The stars appear to be aligning for the mobile live streaming industry, as both Facebook (NASDAQ: FB) and Google's (NASDAQ: GOOG) YouTube announced expanded capabilities for their respective apps, making live streaming more accessible and more directly competitive with Twitter-owned Periscope.
Facebook announced at VidCon that it will enable Facebook Live broadcasters to pre-schedule their streams and create a "virtual waiting room" for viewers who want to see the broadcast, TechCrunch reported. Additionally, users can live-stream using MSQRD face masks (a gimmicky feature added to Facebook when it acquired the video filtering app earlier this year). Perhaps most significantly, and available first, is the ability to do two-person, remote broadcasts – meaning users can stream a single broadcast from two different locations.
The two-person broadcast feature will go live later this summer, Facebook said.
Meerkat was the first mobile live streaming app to allow these type of "drop in," two-person broadcasts with its "Cameo" feature – as well as stream scheduling, viewer polls and the ability to publish to one's Facebook feed – but the pioneering startup has since pivoted away from live streaming and its app is operating in "mostly-dead" mode.
YouTube, in the meantime, announced at VidCon that it will bake its live streaming technology "right into the core YouTube mobile app," VentureBeat reported. The top streaming service's live streaming element was previously limited to users with verified channels and could only be accessed through its Creator Studio.
"Because it's built right into the YouTube app, mobile live streaming will have all the features your regular videos have – you'll be able to search for them, find them through recommendations and playlists and protect them from unauthorized uses," said Kurt Wilms, product lead of Immersive Experiences, in a post on YouTube's Creator blog.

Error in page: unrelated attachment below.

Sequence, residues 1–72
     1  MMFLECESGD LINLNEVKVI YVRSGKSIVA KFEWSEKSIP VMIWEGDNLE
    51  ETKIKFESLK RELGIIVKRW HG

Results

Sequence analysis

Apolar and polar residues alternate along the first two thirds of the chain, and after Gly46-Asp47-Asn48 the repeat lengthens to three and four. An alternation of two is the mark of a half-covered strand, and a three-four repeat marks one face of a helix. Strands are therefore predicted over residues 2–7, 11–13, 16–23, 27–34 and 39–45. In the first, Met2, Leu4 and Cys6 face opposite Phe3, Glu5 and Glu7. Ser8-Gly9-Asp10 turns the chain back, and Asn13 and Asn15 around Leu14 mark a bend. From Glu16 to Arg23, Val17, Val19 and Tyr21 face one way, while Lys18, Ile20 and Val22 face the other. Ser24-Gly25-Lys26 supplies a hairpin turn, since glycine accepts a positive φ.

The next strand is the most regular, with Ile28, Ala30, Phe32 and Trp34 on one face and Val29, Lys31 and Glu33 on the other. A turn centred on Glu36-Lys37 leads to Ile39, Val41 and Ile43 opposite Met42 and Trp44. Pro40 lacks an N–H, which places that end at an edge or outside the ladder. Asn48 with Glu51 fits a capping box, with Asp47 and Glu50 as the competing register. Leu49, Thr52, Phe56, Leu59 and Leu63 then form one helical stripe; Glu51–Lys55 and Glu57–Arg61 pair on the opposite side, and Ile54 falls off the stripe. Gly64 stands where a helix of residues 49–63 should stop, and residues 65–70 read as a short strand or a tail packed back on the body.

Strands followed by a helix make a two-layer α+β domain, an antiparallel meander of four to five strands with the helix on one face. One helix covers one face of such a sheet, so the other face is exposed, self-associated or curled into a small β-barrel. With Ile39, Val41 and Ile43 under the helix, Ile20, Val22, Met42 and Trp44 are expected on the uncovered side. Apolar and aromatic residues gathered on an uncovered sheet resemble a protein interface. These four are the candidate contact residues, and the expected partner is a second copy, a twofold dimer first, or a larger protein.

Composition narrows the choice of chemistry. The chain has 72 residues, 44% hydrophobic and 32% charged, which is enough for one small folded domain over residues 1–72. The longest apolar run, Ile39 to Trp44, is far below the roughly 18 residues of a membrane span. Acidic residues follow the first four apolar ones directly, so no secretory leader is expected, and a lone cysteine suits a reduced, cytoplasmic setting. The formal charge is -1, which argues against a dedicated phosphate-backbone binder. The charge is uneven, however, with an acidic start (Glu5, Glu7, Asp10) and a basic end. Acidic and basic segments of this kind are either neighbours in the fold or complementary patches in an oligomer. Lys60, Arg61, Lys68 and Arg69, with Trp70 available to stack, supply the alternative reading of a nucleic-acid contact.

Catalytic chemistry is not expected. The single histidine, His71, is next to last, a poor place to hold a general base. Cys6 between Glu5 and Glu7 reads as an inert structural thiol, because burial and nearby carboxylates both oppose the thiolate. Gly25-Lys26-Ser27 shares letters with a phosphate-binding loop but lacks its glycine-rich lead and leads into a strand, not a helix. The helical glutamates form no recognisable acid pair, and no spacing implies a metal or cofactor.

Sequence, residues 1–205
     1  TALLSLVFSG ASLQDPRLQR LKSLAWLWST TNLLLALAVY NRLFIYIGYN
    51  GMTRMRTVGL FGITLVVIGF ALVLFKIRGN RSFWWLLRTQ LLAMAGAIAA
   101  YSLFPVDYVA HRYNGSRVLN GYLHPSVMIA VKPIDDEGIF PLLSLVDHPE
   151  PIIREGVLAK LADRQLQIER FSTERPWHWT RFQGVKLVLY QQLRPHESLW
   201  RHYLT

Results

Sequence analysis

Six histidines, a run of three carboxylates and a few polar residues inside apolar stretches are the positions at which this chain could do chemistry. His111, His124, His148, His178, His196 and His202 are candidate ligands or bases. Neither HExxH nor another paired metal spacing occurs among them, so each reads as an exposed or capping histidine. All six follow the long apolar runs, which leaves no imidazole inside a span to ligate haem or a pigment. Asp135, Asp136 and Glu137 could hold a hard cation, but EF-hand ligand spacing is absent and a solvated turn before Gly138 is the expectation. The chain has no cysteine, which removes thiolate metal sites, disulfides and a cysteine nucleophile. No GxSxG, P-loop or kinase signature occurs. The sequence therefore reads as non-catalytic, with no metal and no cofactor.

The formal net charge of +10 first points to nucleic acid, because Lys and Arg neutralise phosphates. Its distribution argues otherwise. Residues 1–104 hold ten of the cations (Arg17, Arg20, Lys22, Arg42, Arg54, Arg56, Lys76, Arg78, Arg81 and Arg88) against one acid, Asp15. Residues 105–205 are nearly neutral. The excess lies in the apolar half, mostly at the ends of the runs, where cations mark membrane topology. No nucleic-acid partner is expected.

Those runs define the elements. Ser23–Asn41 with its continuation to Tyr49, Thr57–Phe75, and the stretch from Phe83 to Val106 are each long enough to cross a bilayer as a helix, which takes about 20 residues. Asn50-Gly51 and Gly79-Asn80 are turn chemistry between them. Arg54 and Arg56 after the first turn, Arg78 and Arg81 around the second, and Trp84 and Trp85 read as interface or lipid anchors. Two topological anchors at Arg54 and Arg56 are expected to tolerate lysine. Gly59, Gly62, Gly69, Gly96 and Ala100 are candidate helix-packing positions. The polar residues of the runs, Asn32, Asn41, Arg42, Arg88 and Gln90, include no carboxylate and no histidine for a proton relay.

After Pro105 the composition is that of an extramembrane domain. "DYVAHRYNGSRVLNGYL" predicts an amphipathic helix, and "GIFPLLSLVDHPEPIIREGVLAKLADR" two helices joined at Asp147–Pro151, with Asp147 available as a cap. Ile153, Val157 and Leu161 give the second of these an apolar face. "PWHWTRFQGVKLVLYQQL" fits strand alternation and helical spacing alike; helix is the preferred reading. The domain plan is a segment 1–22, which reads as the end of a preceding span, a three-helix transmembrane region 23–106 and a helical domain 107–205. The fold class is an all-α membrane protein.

In tandem with Youtube's announcement, the new mobile live streaming element launched in a limited release, with a few top channels using the service. These include The Young Turks, an online news show, and humor and lifestyle channels AIB, Platica Polinesia, SacconeJolys and Alex Wassabi. The feature will roll out "more widely soon," although YouTube didn't specify a date.
The simultaneous announcements at VidCon – a fast-growing tradeshow targeting individual creators who use services like YouTube, Vimeo and Periscope to reach audiences – showed that mobile live streaming has quickly shifted from cool side feature to a mainstream requirement in today's environment, where always-connected viewers demand constant, fresh content.
That is similarly apparent in the deals that are being made throughout the OTT industry. For example, Snapchat recently scored a mobile streaming deal with NBC Sports that will enable the social media app to repackage and rebroadcast highlights and interviews from the Summer Olympics in Rio this August. And Twitter nabbed a historic NFL contract to stream 10 of the league's regular-season football games this fall.
Most recently, the industry saw a prime example of streaming apps' potential to democratize news and events, when U.S. Democratic representatives staged a 25-hour sit-in on the House floor. With TV cameras turned off, congressmen used Periscope and Facebook Live to broadcast the event.
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